Experts explain how pregnancy can cause insomnia.
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Does Pregnancy Cause Insomnia? Here’s What Experts Have To Say

If you’re up all night, blame your blooming belly.

From the tips of your (probably) swollen toes to the (hopefully) luscious locks on top of your head, pregnancy can affect your entire body and all of its processes. The ability to sleep soundly is no exception. But does pregnancy cause insomnia? If you feel like you might never get a good night’s rest again, this is one question that can spawn a million midnight scroll sessions.

“Pregnancy’s shifting hormones and physical changes are a recipe for bad sleep,” doula and birthing expert Sara Lyon tells Romper. Read on to understand how insomnia can happen during pregnancy and what you can do to help get some much-needed shut eye.

How Common Is Insomnia During Pregnancy?

The American College of Obstetricians and Gynecologists (ACOG) defines insomnia as “being unable to get enough sleep to feel refreshed, for at least three nights a week for one month or longer.” The organization noted that insomnia happens when a person is trying to sleep and has enough time to sleep but cannot.

“Insomnia is extremely common during pregnancy, affecting more than half of pregnant women, particularly in the third trimester as your body undergoes physiological changes and your belly is rapidly growing,” Paul Osterdahl, D.O., an obstetrician with Inspira Medical Group, tells Romper.

Though there are no exact figures available for exactly how many expectant parents experience insomnia, Lyon estimates that upward of 75% of women may experience insomnia at some point during pregnancy.

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Why Does Pregnancy Cause Insomnia?

Though the urge to rifle through the fridge for a midnight snack can be overwhelmingly strong during pregnancy, cravings certainly aren’t the only thing that can keep you up at night.

“Most commonly, sleep is negatively impacted by general physical discomfort: your belly is growing, you’re experiencing back pain, pelvic pain, nausea, heartburn, and frequent urination through the night,” Osterdahl says. “In addition to the physiological changes, stress and anxiety — as well as depression — can certainly make you lose sleep as you are anticipating and preparing for the arrival of your new baby.”

Lyon tells Romper that nausea, night sweats, and restless leg syndrome can also keep expecting moms awake more than usual, noting that different symptoms can cause insomnia at different points in pregnancy. “These symptoms can manifest throughout pregnancy, changing from day to day,” she explains.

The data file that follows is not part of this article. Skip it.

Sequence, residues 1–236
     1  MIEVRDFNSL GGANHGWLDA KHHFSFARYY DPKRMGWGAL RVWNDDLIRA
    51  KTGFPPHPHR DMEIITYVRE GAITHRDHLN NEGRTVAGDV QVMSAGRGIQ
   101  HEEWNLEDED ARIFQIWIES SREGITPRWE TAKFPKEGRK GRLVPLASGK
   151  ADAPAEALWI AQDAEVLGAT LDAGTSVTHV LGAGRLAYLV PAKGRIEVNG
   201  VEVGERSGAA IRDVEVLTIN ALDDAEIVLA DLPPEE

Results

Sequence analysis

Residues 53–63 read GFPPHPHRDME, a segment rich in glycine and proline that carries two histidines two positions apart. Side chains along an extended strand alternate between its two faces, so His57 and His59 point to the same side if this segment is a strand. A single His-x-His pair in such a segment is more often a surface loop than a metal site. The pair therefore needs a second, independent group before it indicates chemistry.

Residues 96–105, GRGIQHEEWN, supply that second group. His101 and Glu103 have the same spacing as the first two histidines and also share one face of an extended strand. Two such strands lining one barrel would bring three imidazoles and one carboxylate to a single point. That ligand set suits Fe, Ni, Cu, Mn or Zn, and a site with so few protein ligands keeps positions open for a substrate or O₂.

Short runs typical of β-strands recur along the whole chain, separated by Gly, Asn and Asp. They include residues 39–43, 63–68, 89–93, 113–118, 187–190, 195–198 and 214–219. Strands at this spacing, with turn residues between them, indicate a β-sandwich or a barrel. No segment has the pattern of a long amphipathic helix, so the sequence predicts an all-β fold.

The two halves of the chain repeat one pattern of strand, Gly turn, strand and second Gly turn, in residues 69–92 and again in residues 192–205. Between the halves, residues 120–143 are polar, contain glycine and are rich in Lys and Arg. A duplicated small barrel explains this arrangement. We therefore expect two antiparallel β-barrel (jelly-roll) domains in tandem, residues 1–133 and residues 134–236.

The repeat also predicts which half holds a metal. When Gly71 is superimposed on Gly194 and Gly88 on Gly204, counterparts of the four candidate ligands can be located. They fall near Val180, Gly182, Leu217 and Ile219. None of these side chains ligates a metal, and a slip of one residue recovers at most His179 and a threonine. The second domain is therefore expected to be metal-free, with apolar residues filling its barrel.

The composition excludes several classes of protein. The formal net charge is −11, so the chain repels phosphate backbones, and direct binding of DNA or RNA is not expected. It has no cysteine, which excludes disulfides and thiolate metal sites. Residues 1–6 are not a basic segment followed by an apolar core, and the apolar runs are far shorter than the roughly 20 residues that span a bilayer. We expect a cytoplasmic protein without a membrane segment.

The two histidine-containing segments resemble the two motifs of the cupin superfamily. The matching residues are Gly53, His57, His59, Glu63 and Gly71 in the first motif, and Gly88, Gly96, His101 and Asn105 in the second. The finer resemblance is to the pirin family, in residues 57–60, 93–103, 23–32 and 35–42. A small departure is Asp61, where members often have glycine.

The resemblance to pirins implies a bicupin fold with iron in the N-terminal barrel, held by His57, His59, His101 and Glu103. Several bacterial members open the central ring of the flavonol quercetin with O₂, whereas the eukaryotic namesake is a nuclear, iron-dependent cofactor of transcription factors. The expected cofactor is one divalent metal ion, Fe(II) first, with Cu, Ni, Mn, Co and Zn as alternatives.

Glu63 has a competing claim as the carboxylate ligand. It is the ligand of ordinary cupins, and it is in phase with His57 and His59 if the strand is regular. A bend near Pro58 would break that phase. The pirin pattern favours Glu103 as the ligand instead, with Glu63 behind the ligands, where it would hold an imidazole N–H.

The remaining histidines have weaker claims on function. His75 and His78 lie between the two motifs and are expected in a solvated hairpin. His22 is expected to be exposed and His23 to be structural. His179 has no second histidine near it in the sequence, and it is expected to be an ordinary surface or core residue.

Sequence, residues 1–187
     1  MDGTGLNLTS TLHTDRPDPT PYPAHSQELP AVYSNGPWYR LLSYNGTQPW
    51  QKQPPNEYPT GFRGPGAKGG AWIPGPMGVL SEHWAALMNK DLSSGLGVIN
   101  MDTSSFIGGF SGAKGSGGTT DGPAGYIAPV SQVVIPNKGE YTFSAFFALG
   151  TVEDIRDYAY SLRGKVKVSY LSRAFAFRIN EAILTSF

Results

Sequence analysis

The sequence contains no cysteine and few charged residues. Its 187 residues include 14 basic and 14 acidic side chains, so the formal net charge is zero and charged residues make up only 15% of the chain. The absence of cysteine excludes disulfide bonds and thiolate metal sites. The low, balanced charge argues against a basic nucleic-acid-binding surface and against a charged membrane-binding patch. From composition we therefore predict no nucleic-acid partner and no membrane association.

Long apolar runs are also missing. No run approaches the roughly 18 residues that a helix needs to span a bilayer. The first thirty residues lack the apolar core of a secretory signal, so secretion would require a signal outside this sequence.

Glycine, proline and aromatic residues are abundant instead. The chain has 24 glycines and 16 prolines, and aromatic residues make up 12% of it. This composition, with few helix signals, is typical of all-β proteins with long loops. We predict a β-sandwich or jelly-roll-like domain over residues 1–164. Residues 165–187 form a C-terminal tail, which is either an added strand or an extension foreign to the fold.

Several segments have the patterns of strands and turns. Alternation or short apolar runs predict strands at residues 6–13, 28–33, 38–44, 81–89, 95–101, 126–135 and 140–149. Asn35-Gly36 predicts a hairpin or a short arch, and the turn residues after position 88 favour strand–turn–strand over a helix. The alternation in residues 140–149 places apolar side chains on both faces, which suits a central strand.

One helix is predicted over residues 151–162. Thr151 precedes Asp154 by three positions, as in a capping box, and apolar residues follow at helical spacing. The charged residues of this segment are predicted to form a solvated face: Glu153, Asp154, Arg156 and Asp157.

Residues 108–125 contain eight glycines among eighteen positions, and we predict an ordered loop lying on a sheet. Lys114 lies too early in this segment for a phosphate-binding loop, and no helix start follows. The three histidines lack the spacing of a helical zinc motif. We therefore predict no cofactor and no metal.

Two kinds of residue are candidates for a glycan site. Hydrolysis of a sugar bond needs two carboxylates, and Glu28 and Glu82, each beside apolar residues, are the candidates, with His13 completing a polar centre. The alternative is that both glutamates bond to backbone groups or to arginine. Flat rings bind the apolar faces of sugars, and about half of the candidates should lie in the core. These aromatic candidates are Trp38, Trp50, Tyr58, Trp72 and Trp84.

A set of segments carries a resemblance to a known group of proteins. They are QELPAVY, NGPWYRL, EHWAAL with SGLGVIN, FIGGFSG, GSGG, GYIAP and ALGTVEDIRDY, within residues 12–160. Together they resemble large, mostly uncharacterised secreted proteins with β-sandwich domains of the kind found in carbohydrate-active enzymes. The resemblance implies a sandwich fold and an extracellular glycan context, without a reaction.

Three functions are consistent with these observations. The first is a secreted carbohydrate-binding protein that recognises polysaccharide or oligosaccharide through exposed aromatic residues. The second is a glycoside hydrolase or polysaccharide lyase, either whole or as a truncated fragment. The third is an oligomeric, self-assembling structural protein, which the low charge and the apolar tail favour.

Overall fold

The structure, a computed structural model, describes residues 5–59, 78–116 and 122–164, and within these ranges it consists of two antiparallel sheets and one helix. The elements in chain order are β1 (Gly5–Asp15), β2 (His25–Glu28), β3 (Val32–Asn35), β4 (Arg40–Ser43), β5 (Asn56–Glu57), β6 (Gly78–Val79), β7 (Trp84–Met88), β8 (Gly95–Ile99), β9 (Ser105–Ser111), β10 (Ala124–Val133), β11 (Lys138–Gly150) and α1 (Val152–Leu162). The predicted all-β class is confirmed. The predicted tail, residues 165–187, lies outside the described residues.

Tips For Managing Insomnia During Pregnancy

Tried and true techniques for more restful sleep can be helpful when you’re pregnant and experiencing insomnia. Osterdahl recommends first trying a relaxing bedtime routine that includes avoiding blue light from screens, taking a warm bath, drinking caffeine-free tea, reading a book, or listening to calm music. He also suggests limiting caffeine intake, engaging in light exercise, and avoiding long daytime naps.

“If you simply can’t get comfortable, try changing sleep positions,” Osterdahl says. “For optimal comfort and blood circulation, we recommend sleeping on your side with your knees bent. If you’re experiencing back pain, you can place a pillow between your legs to alleviate some pressure. There are multiple pregnancy pillows designed to help in achieving a comfortable sleeping position.”

Depending on what symptoms are causing your insomnia, you may need to try a few different strategies to find a solution that works for you. “Some causal factors can be treated independently, and others are an unavoidable part of pregnancy reality, like more frequent trips to the bathroom as the bladder is squeezed by a growing fetus,” Lyon explains. For example, she notes that deep tissue massage and hydration may help restless leg syndrome while certain supplements or prescriptions from your provider can alleviate nausea or night sweats.

“If conservative measures are not working, speak to your physician,” Osterdahl tells Romper. “They may be able to recommend additional treatments such as professional cognitive behavior therapy or medications if needed. They may also diagnose underlying medical conditions that are contributing to your insomnia, such as restless leg syndrome.”


Sara Lyon, birthing expert, doula, author of The Birth Deck and You’ve Got This: Your Guide to Getting Comfortable with Labor

Paul Osterdahl, D.O., OBGYN at Inspira Medical Group Obstetrics and Gynecology Mullica Hill